News Release

Single proton illuminates perovskite nanocrystals-based transmissive thin scintillators

Peer-Reviewed Publication

National University of Singapore

Single proton illuminates perovskite nanocrystals-based transmissive thin scintillators


Figure (A) shows the schematic of proton-beam-induced luminescence (ionoluminescence) in a transmission thin scintillator comprising CsPbBr3 nanocrystals (cubic structure), and proton-induced ionisation to produce secondary electrons (δ-rays). Figure (B) presents the proposed mechanism of proton scintillation, including high-density exciton formation via proton-induced upconversion pumped by low-energy δ-rays and impact ionisation pumped by high-energy δ-rays (left panel), biexciton formation via exciton-exciton interaction (middle panel), and de-excitation processes via radiative recombination of biexcitons accompanied by a fast non-radiative Auger process (right panel).

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Credit: MI Zhaohong

researchers have developed a transmissive thin scintillator using perovskite nanocrystals, designed for real-time tracking and counting of single protons. The exceptional sensitivity is attributed to biexcitonic radiative emission generated through proton-induced upconversion and impact ionisation.

The detection of energetic particles plays an important role in advancing science and technology in various fields, ranging from fundamental physics to quantum technology, deep space exploration and proton cancer therapy. The increasing demand for precise dose control in proton therapy has fuelled extensive research into proton detectors. One promising approach to enable proton counting during radiotherapy involves the development of high-performance thin-film detectors that are transmissive to protons.

Despite advancements in silicon-based, chemical vapour deposition, diamond-based, and other types of proton detectors in recent years, a fundamental challenge remains unresolved: achieving real-time proton irradiation with single-proton counting accuracy. In single-proton detection, the detectable signal is fundamentally limited by the thickness of the detector. Therefore, a proton-transmissive detector must be fabricated at an ultrathin thickness while retaining sensitivity for single-proton detection. Existing particle detectors, such as ionisation chambers, silicon-based detectors and single-crystal scintillators, are too bulky to allow the transmission of protons. Additionally, organic plastic scintillators suffer from low scintillation yields and low particle radiation tolerances due to their low electron density, which hampers their single-proton detection sensitivity.

A research team led by Professor LIU Xiaogang from the NUS Department of Chemistry and Associate Professor Andrew BETTIOL from the NUS Department of Physics demonstrated the real-time detection and counting of single protons using thin-film transmissive scintillators made of CsPbBr3 nanocrystals. This approach offers unparalleled sensitivity with a light yield approximately double that of commercially available BC-400 plastic thin-film scintillators and ten times greater than conventional bulk scintillators such as LYSO:Ce, BGO and YAG:Ce crystals.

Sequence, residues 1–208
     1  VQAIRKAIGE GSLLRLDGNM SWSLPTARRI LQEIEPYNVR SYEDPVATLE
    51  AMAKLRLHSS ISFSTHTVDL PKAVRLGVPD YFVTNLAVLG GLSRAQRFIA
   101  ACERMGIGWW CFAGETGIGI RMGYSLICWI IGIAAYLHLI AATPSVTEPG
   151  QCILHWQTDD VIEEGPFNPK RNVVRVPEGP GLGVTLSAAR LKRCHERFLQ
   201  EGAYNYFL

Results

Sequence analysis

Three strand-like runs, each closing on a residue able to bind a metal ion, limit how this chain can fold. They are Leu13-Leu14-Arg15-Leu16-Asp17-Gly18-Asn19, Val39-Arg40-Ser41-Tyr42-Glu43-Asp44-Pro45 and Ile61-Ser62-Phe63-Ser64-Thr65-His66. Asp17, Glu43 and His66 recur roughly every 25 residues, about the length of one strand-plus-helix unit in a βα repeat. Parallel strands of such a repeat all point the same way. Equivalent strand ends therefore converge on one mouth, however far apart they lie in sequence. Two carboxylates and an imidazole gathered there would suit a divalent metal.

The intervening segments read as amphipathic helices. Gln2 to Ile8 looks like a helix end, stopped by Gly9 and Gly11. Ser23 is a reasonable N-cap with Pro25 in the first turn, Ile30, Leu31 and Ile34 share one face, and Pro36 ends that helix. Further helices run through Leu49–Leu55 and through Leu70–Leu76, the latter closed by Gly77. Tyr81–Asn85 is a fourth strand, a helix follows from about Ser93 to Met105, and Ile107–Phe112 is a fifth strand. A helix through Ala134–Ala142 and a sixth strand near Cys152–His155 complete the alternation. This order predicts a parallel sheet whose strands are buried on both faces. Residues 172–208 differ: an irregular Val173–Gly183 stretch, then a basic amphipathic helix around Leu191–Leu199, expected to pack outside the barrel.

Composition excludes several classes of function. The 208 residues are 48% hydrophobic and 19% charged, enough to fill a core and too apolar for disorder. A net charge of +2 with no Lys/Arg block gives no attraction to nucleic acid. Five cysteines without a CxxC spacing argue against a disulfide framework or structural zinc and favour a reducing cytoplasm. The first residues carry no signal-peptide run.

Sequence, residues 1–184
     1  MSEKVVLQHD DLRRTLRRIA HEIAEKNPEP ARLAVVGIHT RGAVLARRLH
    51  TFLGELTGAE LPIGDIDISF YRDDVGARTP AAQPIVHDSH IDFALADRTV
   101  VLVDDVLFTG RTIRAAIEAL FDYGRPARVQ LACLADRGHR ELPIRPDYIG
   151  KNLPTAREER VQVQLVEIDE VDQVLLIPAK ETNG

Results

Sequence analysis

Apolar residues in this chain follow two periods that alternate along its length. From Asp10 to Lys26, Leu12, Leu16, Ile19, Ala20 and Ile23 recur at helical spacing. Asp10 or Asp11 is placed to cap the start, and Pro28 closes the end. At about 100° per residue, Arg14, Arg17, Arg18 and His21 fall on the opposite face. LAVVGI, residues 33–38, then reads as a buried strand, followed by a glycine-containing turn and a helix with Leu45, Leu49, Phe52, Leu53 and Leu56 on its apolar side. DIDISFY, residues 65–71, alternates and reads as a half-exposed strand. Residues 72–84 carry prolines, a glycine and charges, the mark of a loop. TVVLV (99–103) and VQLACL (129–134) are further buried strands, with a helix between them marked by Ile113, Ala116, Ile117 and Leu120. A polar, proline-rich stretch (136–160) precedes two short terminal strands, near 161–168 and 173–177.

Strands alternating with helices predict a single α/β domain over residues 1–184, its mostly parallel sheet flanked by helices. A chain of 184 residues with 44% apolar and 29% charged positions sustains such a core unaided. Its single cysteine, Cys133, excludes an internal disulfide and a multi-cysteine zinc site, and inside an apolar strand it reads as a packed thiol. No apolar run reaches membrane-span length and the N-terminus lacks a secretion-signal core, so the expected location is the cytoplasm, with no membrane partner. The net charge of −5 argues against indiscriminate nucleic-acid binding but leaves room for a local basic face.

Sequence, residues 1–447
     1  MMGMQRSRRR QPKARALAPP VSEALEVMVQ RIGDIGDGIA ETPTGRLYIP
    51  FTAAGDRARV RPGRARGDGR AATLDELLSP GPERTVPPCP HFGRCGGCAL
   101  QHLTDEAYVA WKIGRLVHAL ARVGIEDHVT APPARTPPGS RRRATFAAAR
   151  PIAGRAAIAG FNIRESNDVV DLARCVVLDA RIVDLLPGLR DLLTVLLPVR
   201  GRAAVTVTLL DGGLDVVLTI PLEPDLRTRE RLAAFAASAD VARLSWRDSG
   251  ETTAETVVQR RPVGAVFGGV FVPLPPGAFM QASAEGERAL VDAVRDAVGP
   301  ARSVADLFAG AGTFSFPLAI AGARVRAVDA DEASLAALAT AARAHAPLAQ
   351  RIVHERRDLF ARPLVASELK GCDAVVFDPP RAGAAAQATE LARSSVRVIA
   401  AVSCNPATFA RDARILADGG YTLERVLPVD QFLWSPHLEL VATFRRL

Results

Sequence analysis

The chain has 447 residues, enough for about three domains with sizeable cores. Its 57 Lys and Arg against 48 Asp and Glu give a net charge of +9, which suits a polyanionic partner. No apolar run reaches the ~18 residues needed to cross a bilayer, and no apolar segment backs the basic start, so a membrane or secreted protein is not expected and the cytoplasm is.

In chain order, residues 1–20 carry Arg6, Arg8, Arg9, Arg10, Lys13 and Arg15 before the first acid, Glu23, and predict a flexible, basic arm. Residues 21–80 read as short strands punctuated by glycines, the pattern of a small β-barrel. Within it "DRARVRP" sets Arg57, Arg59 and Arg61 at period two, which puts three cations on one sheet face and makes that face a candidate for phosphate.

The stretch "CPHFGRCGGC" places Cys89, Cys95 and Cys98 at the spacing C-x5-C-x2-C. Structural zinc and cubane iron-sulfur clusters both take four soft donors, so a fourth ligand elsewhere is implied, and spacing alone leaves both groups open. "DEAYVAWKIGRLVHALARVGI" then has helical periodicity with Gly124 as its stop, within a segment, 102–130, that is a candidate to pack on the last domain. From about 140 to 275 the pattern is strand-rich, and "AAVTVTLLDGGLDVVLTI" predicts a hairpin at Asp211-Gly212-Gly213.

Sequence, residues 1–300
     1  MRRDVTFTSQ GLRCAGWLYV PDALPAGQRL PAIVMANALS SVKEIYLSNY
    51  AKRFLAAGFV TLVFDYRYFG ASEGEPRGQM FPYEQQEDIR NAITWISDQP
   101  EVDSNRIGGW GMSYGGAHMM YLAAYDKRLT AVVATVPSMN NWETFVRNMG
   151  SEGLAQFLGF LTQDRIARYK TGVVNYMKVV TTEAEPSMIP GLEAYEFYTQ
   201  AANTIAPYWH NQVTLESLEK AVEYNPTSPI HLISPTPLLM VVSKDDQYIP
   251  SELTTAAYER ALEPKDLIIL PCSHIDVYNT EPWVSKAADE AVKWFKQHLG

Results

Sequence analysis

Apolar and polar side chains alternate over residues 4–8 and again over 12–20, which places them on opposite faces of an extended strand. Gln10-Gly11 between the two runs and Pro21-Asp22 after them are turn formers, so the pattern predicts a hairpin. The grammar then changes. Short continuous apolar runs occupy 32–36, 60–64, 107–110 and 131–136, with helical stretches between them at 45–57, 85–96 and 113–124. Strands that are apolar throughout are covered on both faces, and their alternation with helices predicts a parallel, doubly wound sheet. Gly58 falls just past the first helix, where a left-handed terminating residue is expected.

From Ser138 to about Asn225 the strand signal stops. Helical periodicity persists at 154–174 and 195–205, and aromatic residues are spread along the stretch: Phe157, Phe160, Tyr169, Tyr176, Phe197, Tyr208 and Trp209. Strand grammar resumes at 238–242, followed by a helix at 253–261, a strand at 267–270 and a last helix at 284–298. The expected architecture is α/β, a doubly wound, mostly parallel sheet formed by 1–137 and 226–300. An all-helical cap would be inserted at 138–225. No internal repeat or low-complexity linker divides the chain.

Their findings have been published in the journal Nature Materials.

The thin-film nanocrystal scintillators, with a thickness of approximately 5 µm, exhibit high sensitivity that allows for a detection limit of 7 protons per second. This sensitivity is about five orders of magnitude lower than clinically relevant counting rates, making it a significant advancement in single-proton detection technology.

The research team has put forward and substantiated a novel theory regarding the scintillation mechanisms induced by protons in CsPbBr3 nanocrystals. They have verified that proton-induced scintillation primarily arises from the population of the biexcitonic state in CsPbBr3 nanocrystals, facilitated by the process of proton-induced upconversion and impact ionisation. This finding represents a significant contribution to the understanding of proton scintillation in perovskite nanocrystals.

By utilising the enhanced sensitivity, together with the fast response (~336 ps) to proton beams and pronounced iono-stability (up to a fluence of 1014 protons per cm2), the reseachers demonstrated additional applications of the CsPbBr3 nanocrystal scintillators. These include single-proton tracing, real-time patterned irradiation and super-resolution proton imaging. Remarkably, their study has showcased a spatial resolution of sub-40 nm for proton imaging; this holds tremendous promise for advancing various fields, such as materials characterisation, medical imaging and scientific research.

Prof Liu said, “The breakthrough presented in this work would be of considerable interest to particle radiation detection communities, offering both fundamental insights into new mechanisms of proton scintillation and technical advances in groundbreaking single-ion detection sensitivity using ultrathin proton-transmissive scintillators. In particular, these CsPbBr3 nanocrystal scintillators hold overwhelming promise for advancing detection technology in proton therapy and proton radiography.”

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